Jesus, this must be the least apologetic-sounding apology you’ve ever gotten. Obviously, I’m still conflicted about your contribution to my home state’s cultural image. (You know, you titled your next album New Jersey.) A couple years from now, I’ll probably be writing you another apology just for the tone of this one. So before I fall into some kind of infinite regression, allow me to be sincere again:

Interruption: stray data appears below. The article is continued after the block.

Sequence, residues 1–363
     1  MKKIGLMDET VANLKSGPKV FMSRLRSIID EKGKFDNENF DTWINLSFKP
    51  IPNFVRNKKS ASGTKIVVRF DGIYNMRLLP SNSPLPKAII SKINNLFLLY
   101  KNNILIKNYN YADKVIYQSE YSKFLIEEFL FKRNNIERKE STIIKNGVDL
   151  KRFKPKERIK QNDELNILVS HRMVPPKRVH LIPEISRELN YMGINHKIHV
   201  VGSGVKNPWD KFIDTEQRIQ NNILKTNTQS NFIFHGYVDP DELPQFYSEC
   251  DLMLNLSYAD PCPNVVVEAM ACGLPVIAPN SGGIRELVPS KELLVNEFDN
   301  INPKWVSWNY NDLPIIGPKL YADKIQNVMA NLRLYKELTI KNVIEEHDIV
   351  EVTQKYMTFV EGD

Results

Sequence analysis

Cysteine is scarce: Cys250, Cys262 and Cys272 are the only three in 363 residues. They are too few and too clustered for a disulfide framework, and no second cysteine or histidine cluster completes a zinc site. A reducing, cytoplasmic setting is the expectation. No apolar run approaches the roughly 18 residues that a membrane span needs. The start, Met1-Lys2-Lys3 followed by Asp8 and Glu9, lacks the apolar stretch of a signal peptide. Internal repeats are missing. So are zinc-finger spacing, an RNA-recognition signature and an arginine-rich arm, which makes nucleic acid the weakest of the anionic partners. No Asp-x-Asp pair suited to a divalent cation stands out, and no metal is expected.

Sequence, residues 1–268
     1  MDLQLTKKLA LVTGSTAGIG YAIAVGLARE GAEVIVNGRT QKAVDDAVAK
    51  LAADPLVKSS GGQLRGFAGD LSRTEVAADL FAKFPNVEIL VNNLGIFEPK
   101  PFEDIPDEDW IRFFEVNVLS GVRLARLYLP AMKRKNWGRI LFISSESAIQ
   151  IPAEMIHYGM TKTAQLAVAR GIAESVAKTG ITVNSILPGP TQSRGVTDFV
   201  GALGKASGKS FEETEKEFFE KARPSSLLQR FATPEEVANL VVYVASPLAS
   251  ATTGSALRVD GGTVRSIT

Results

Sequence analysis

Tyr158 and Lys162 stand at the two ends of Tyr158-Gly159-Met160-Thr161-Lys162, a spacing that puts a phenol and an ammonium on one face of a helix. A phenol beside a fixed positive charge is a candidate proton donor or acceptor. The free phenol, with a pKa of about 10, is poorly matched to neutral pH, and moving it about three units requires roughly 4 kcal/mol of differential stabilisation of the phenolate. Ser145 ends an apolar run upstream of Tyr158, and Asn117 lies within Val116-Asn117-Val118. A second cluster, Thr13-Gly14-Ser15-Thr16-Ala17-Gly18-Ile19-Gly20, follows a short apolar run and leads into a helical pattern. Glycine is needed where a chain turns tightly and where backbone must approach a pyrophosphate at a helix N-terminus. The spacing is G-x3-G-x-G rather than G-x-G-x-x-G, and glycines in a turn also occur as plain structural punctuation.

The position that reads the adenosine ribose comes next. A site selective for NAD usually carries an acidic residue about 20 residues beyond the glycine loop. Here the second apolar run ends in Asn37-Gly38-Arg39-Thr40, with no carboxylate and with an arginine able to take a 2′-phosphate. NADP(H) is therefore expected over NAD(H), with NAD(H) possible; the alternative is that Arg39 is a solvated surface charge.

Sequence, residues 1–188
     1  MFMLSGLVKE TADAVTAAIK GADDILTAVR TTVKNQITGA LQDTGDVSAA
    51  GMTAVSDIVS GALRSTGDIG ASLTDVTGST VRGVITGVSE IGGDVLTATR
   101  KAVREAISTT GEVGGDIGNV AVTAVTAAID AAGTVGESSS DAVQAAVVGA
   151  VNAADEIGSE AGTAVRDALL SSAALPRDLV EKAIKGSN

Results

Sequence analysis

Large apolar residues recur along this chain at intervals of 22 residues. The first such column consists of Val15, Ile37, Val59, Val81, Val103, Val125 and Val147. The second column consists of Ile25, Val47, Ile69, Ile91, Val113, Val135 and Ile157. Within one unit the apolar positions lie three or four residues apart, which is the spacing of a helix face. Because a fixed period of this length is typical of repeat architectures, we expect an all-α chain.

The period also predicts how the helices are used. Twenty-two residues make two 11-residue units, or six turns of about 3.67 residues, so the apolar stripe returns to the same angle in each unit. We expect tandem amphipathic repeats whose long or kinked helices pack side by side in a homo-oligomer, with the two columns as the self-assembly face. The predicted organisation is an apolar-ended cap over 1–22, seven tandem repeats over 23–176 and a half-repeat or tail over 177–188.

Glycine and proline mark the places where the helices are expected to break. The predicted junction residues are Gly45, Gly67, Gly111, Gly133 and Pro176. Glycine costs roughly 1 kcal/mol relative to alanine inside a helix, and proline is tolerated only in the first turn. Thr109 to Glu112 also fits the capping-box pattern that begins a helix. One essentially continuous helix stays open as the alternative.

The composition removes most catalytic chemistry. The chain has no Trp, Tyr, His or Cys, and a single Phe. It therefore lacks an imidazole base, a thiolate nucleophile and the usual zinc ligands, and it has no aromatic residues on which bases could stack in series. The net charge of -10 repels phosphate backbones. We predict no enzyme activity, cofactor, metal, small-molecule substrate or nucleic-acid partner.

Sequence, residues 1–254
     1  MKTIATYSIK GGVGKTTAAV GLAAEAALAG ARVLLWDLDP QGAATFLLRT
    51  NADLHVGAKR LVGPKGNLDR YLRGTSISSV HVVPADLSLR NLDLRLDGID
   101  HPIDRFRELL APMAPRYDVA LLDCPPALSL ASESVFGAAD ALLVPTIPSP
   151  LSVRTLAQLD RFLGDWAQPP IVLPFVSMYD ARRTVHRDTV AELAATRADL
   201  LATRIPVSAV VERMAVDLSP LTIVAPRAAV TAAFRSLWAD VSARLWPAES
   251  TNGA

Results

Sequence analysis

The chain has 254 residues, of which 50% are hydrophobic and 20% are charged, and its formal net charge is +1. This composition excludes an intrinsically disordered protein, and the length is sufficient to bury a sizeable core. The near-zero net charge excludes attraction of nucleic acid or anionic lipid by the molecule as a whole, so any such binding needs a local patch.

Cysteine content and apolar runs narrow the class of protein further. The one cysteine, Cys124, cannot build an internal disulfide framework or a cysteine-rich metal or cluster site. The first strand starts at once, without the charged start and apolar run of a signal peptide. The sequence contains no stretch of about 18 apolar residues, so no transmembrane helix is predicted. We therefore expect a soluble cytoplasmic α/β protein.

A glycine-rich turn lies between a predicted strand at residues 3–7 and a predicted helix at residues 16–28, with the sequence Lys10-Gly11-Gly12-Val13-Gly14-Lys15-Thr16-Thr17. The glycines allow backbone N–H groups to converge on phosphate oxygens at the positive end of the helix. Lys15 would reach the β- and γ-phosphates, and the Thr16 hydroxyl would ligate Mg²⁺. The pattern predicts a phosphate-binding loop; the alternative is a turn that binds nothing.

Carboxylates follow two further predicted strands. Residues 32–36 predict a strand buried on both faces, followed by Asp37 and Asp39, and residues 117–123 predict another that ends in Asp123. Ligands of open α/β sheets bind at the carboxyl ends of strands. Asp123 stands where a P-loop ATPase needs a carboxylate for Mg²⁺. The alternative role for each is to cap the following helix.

While I believe very much in forgiving youthful indiscretion, including my own, I also believe in taking responsibility for one’s actions. It was my idea, to drive to your house, to park there, to throw the first can. There were often other cars parked there, too. Your real fans, I assumed. I remember a Camaro was there once, and I wondered whether its inhabitants would want to fight us or something when they saw what we were doing. I had a twinge of guilt, too, at the thought. Here they were, honestly liking you, hoping for a chance at an autograph, maybe. What must have they felt like, watching us insult you? Who made us the taste police? I wish I had thought then, as I do now: no matter how I feel about the music someone makes, that someone is an actual person. He actually lives in that house, and this is not cool.